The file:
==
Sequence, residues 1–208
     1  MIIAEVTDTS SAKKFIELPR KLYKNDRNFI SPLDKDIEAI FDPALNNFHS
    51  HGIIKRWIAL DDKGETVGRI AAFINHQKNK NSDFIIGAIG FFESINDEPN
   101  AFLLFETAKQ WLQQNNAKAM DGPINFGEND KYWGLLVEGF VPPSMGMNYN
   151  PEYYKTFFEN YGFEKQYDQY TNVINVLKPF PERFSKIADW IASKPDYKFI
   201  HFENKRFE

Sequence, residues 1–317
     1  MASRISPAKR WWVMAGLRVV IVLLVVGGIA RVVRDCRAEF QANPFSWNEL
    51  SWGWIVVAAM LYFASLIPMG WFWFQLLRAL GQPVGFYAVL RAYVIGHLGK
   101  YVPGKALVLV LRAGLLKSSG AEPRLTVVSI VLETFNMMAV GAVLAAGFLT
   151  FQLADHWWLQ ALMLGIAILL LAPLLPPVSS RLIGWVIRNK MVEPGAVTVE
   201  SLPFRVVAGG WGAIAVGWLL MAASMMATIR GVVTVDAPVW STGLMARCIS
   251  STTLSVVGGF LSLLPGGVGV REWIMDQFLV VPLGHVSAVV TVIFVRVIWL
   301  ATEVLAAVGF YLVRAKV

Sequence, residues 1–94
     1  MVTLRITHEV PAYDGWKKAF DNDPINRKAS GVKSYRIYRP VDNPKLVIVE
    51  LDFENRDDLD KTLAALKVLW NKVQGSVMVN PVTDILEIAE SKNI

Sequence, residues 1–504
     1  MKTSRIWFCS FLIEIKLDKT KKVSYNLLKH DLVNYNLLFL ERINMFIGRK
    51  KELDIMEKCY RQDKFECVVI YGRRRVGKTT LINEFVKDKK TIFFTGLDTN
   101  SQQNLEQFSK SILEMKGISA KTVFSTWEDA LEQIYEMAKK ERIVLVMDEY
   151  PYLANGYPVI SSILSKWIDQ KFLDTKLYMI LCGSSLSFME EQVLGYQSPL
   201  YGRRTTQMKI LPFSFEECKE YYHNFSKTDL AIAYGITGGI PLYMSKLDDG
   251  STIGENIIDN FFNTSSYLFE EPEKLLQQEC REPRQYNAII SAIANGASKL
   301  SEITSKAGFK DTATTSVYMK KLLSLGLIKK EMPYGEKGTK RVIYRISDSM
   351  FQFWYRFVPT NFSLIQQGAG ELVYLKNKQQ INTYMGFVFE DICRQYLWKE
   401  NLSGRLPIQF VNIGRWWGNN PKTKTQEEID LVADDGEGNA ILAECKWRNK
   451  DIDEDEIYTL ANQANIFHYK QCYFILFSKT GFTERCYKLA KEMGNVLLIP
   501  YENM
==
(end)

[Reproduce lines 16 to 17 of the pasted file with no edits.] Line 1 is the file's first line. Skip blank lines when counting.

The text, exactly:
     1  MVTLRITHEV PAYDGWKKAF DNDPINRKAS GVKSYRIYRP VDNPKLVIVE
    51  LDFENRDDLD KTLAALKVLW NKVQGSVMVN PVTDILEIAE SKNI